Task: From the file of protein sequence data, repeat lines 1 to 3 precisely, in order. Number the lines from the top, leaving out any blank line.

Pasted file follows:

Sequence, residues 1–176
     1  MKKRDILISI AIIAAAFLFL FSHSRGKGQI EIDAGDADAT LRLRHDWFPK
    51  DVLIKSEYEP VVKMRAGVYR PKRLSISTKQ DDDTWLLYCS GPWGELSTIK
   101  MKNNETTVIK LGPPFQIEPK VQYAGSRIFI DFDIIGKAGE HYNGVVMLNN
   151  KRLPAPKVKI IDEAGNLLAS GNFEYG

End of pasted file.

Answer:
Sequence, residues 1–176
     1  MKKRDILISI AIIAAAFLFL FSHSRGKGQI EIDAGDADAT LRLRHDWFPK
    51  DVLIKSEYEP VVKMRAGVYR PKRLSISTKQ DDDTWLLYCS GPWGELSTIK